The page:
Do it with DigiFold
The DigiFold runs at 1,500 sph and can be set to operate in three modes:

  • “Set to fold,” for standard folding configurations. Once the fold and sheet length have been selected, it automatically sets the creasing and folding position.
  • “Set to” mode. The operator dials in the creasing and folding positions. This mode is useful for difficult configurations, such as the closed-gate fold, and for jobs requiring extra creases.
  • A third mode allows the machine to work as an automated creaser from which work can be delivered flat. The creasing option also can be bypassed for folding conventionally printed pieces and lighter stocks.
Designed for the print-on-demand market, the DigiFold is ideal for a printer as heavily into digital printing as Allegra—close to half of its work is digital. The machine is a knife-fold unit, which Newland notes is better for digital work. “We use the DigiFold not only for folding digital work, but also for folding pieces that have gone through offset presses, such as fold-over invitations,” he adds. “It’s much more precise than a floor-model folder.”

The DigiFold was installed at the beginning of 2006, and after only two hours of training, Allegra was ready to go. “We had some initial glitches when it was first installed,” says Newland. “The dealer was very responsive, Morgana was very responsive, and they actually installed bigger cooling fans. They were on the ball. They took care of it.”

The relationship didn’t end with installation. Says Newland, “I referred Morgana to our franchise’s vice president of technology. We just had our franchise convention, and because of our interest in their product, Morgana was invited to have a booth at our trade show.”

On the horizon for Allegra is continued expansion into process color work. Planning is underway to install a four-color Heidelberg Speedmaster 52 next year.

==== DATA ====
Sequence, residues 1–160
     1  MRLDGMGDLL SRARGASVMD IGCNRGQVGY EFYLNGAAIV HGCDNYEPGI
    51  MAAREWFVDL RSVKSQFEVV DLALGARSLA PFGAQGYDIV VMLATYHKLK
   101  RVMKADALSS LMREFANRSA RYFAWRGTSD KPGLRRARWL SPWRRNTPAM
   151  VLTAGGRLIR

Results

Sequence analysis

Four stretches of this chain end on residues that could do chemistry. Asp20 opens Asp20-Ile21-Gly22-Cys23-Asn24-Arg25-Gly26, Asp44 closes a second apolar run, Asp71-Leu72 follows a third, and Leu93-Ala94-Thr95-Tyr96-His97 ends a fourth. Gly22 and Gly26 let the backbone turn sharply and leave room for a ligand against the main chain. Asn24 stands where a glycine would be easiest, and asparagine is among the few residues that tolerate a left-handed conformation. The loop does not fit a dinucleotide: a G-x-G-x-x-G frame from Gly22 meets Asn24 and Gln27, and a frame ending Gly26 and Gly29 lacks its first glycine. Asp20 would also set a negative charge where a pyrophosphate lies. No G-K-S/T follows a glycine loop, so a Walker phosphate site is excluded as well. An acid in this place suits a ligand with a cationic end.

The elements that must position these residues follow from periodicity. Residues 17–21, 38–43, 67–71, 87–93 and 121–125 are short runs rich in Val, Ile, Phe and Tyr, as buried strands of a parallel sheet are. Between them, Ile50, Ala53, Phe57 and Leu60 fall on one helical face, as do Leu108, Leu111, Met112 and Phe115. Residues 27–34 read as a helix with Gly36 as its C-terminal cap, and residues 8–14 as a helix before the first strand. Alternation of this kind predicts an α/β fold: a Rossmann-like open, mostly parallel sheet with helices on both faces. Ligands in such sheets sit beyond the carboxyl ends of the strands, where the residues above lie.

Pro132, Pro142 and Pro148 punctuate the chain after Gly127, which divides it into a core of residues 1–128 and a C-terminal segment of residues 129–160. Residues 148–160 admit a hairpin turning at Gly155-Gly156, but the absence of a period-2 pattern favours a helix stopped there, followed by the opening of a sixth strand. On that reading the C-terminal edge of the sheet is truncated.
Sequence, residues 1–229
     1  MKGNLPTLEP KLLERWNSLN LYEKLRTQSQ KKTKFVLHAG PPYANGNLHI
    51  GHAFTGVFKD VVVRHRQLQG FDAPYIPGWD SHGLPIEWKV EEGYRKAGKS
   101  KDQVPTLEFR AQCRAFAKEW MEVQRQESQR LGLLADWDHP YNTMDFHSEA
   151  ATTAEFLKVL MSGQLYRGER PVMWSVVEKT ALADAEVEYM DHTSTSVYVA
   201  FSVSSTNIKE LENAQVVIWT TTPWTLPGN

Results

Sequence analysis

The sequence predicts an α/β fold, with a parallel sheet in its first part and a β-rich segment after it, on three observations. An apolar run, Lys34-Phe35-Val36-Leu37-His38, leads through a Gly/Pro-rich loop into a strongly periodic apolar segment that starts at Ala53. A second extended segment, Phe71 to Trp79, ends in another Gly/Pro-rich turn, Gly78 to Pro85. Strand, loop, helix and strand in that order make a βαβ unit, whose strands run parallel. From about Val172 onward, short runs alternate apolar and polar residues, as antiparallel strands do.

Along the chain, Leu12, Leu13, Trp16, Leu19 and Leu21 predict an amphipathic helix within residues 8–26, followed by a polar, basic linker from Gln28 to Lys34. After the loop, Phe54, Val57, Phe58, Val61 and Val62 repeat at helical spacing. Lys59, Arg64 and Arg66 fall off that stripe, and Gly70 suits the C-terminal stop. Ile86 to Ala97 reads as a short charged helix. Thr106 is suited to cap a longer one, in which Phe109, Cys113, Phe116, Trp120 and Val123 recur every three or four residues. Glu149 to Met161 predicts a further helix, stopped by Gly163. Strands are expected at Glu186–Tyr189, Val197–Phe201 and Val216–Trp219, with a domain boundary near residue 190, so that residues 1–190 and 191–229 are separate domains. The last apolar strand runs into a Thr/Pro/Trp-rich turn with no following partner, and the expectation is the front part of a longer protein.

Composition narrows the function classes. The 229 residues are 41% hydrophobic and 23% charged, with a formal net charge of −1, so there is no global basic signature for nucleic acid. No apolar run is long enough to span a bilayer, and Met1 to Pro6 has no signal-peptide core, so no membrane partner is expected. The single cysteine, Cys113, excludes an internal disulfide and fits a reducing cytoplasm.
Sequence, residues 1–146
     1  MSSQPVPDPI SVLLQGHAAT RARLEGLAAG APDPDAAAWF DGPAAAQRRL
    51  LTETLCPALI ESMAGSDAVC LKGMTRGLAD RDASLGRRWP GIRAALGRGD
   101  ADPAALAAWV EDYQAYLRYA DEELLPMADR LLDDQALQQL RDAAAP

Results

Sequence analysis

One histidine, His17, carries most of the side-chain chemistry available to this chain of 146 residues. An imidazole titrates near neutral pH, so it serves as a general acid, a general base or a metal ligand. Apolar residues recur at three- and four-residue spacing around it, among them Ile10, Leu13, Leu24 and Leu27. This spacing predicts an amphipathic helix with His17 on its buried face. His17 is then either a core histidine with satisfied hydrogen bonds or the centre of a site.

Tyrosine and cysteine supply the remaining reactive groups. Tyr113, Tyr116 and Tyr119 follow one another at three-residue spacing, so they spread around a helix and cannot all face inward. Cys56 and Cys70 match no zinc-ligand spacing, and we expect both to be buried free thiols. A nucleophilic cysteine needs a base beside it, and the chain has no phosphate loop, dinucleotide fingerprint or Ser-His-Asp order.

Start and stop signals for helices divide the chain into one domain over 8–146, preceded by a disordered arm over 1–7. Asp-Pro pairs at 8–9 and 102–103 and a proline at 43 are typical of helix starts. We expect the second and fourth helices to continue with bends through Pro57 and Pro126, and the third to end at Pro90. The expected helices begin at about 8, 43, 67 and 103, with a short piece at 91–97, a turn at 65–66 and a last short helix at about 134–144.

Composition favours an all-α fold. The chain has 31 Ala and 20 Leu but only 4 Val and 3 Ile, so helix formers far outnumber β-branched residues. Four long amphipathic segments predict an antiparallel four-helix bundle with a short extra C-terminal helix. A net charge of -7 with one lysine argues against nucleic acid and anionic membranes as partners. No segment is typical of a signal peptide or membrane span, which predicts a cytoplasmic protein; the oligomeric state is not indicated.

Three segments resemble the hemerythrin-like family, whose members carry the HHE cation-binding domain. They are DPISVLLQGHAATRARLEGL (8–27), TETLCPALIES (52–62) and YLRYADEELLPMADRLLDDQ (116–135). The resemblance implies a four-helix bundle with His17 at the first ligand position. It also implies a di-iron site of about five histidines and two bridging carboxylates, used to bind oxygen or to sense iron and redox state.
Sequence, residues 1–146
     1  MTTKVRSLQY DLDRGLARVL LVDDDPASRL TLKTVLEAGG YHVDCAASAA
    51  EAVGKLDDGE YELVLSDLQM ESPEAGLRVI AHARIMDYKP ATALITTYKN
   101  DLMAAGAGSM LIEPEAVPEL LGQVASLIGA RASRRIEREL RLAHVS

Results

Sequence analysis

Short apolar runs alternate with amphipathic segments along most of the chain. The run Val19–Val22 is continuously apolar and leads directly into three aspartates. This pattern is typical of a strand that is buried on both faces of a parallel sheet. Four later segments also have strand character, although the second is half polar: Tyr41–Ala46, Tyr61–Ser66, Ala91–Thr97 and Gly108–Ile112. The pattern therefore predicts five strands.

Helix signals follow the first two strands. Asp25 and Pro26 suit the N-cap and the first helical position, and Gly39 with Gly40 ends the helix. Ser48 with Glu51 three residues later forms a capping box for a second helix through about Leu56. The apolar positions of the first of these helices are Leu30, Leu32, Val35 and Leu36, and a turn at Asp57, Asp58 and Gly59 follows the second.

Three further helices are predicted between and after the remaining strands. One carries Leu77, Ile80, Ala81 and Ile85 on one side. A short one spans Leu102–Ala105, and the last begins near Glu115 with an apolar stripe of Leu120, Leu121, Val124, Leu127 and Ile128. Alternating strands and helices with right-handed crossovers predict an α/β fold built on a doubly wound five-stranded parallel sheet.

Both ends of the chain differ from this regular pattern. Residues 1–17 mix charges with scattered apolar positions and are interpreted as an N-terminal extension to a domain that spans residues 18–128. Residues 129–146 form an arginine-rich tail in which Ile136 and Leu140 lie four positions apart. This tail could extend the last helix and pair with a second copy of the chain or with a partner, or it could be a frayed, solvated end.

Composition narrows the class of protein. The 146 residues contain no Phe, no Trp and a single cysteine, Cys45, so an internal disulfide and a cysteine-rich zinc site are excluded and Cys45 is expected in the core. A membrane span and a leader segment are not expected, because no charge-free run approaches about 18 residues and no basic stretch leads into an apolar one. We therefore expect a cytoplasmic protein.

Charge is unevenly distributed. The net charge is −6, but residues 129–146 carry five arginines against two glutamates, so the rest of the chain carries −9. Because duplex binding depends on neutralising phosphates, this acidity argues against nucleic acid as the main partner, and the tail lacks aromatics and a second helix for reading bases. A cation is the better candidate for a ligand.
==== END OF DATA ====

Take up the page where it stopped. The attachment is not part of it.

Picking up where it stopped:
About Morgana
Founded in 1978, U.K.-based Morgana Systems, with its U.S. operation in Marietta, GA, is a developer of finishing solutions for the digital print market.

It works closely with companies such as Xerox, HP Indigo, Kodak NexPress, Xeikon and Konica Minolta to provide the equipment and service back-up that helps digital printers streamline their finishing operations.

About 80 percent of Morgana’s United Kingdom-made products are exported, and the company has built a global network of dealers and distributors covering all major world markets. Along with its two most popular products, the Documaster creasing and booklet making machine and the DigiFold combined creaser and folder, Morgana offers a range of document finishing solutions that includes creasers, creaser/folders, folders, numberers, bookletmakers, cutters and drills.

Visitors to Graph Expo 2006 could see Morgana’s latest creasing product, the DigiCreaser, which is intended to fill the gap between semi-automatic models, such as the company’s Electro-Creaser, and fully automatic units, such as its AutoCreaser. It runs at up to 4,000 sph, takes a maximum 13 x 24.8-inch sheet, and has the ability to crease nine times per page with a minimum distance of 0.0157 inch between creases. To learn more, visit or call (866) 463-5060.

Carrie Cleaveland is assistant editor of AMERICAN PRINTER. Contact her at